AMY GOODMAN: So, that guarantee, the right to a healthy environment for present and future generations, you have pushed for in the Constitution. It’s in the Constitution. It’s enshrined there. So, what has been Guyana’s response to the lawsuit, not to mention ExxonMobil? You have sued them both.
MELINDA JANKI: So, the government’s response has been to say, roughly, that the Constitution does provide for sustainable development, and Guyana has a right to develop. And they have pointed out that Guyana has been a minuscule, very tiny contributor to climate change.
The case was originally filed against the attorney general, who is the representative of the state because what we’re saying is that the state is violating the right to a healthy environment. That is the basis of the case.
The judge added ExxonMobil to the case. And Exxon’s approach is to say that the main testimony should be struck out, because in that testimony by Dr. Troy Thomas, one of the litigants, he sets out the impacts of greenhouse gas pollution on the environment — so, climate change, rising sea level, ocean acidification, a warmer ocean, etc., all of these things which I’m sure that the audience is extremely familiar with. ExxonMobil says that these things are not facts, but that they are matters of scientific opinion, and that since Dr. Thomas is not a scientific expert, he cannot give — he cannot make those statements. And they have applied to strike out his testimony. We have responded by filing an affidavit saying that the impacts of fossil fuels, the impact of greenhouse gas pollution, is so well-known that it is no longer capable of being disputed.
AMY GOODMAN: And can you talk about the World Bank, the involvement of the World Bank in Guyana and the production of fossil fuels, Melinda Janki?
MELINDA JANKI: Yes. The World Bank has been very strongly in favor of Guyana converting to producing fossil fuels. The World Bank, in fact, in the 1980s, was behind the legislation that established a petroleum — they established the petroleum legislation. The World Bank has lent money to Guyana to get ready for fossil fuel production. The grant, the arrangement between the World Bank and Guyana, was illegal, because it was made with someone who was not the finance minister at the time, because the government had lost a no-confidence motion, so there were no ministers. Nevertheless, the World Bank went ahead and signed the agreement and advanced the money.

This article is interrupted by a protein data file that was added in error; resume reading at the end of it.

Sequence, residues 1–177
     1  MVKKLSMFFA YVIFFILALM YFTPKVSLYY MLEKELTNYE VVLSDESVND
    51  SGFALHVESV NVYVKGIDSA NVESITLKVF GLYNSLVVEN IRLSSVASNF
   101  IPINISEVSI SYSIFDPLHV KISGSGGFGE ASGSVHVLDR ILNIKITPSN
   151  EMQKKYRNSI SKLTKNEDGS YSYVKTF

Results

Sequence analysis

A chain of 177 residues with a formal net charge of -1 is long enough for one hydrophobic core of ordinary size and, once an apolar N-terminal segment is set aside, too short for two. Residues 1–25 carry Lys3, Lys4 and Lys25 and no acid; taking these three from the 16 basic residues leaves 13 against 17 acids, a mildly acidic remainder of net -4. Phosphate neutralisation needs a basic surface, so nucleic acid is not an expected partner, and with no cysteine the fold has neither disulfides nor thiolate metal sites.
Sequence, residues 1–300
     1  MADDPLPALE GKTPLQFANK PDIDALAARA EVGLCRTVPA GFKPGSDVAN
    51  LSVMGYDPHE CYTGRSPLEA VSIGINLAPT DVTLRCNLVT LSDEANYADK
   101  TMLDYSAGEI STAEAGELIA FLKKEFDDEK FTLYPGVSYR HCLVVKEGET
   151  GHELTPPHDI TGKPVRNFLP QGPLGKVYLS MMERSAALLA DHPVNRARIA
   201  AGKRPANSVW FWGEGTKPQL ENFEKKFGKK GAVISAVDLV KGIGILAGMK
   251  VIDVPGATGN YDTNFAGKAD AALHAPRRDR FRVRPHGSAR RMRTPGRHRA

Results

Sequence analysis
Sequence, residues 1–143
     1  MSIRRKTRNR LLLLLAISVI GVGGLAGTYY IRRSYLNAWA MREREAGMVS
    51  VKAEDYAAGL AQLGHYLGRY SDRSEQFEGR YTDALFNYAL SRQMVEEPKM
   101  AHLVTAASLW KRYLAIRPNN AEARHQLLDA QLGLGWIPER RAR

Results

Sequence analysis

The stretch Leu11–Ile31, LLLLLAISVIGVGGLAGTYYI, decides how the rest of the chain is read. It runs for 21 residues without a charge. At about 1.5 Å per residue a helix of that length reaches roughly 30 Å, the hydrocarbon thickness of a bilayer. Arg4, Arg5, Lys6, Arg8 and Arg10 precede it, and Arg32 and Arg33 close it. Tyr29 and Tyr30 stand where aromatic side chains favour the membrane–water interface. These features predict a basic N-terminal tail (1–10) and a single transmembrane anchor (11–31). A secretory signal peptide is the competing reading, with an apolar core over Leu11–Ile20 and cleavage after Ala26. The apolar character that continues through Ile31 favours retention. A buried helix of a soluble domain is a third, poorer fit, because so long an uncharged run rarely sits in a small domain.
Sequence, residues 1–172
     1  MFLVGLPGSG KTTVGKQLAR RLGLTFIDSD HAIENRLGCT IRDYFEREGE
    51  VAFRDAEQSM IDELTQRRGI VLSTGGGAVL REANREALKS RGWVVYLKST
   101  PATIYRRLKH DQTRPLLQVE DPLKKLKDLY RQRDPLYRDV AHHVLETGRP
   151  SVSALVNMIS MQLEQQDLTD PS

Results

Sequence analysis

The World Bank has — the World Bank project, with the full knowledge of the World Bank, hired lawyers who represent ExxonMobil to alter Guyana’s laws, including the World Bank wanted to dismantle the Environmental Protection Act. They said that it was out of date. Now, this is legislation which requires — requires — companies to state the impact of their actions on all aspects of the environment, including the climate, the atmosphere and the ocean. How on Earth can the World Bank argue with any credibility that this is out of date? And it was done at a time when we know that the fossil fuel industry was lying about the impacts on climate change. These provisions were put into the legislation in 1996. And, yes, they were drafted by me. The result of that is that all companies in Guyana, all oil companies in particular, and ExxonMobil, they have to say what is the impact of their Scope 1, Scope 2 and Scope 3 emissions. And that, perhaps, is what the World Bank is upset about.
The World Bank is also encouraging Guyana to do gas and to take gas and convert Guyana to gas instead of renewable energy. We have a serious problem at the moment, because ExxonMobil is flaring billions of cubic feet of gas offshore Guyana. They have said it is because they are using faulty equipment. The Guyana government is now proposing to take that gas and use it for energy. And because this is not financially viable, the Guyana government is hoping that the U.S. EXIM Bank will lend the money to enable them to do it. And all of this is being done, of course, with the encouragement of the World Bank and is completely contrary to the World Bank’s own policies. It is contrary to the Paris Agreement, which says that financing flows should now be aligned with the Paris Agreement and keeping the temperature below 1.5. And we would argue that it is also incompatible with national law for the Guyana government to do this on many different grounds, not simply the violation of the right to a healthy environment.
AMY GOODMAN: Let me ask Antonia Juhasz: Could Guyana cope with a massive oil spill like the one triggered by the BP Deepwater Horizon in the Gulf of Mexico? You wrote the book Black Tide: The Devastating Impact of the Gulf Oil Spill. And it’s just so interesting to be talking to you both about this now as the people of the United States, to say the least, are experiencing what is being called a climate bomb, a once-in-a-generation cold, level of cold and snow that has not been experienced here in a long time. Antonia?
ANTONIA JUHASZ: Yeah, well, while Melinda wrote incredibly good environmental provisions into Guyana’s laws and Constitution, Guyana absolutely does not have anything close to the capacity to regulate and oversee deepwater, highly technologically complex offshore drilling. The United States didn’t have the capacity to do it. We had the worst offshore drilling oil spill in history in our waters. Guyana definitely doesn’t have the capacity to do with it. So, we will certainly hope and pray that nothing of that scale happens. But if it does, the devastation would be extreme, just as it was in the U.S. Gulf Coast.
But adding to what Melinda said, you know, one of the many important things that Melinda did was put into place the right to a healthy environment, guaranteed for current and future generations. The United Nations —
AMY GOODMAN: We have 30 seconds, Antonia.
ANTONIA JUHASZ: — followed suit. And now the world has the opportunity to implement that right. And what Exxon really doesn’t want is for us to regulate and hold them to account for all of their emissions, from the production to consumption of emissions. And that’s their biggest fear with this case, is that that’s what they’re going to be held to. And we can all support Melinda in hoping that that outcome comes to pass.
AMY GOODMAN: We want to thank you both so much for being with us. And, of course, we’ll continue to follow this story. Investigative journalist Antonia Juhasz, we’ll link to your new Wired article, “The Quest to Defuse Guyana’s Carbon Bomb.” And Melinda Janki, Guyanese environmental lawyer who has sued Exxon and Guyana. I’m Amy Goodman.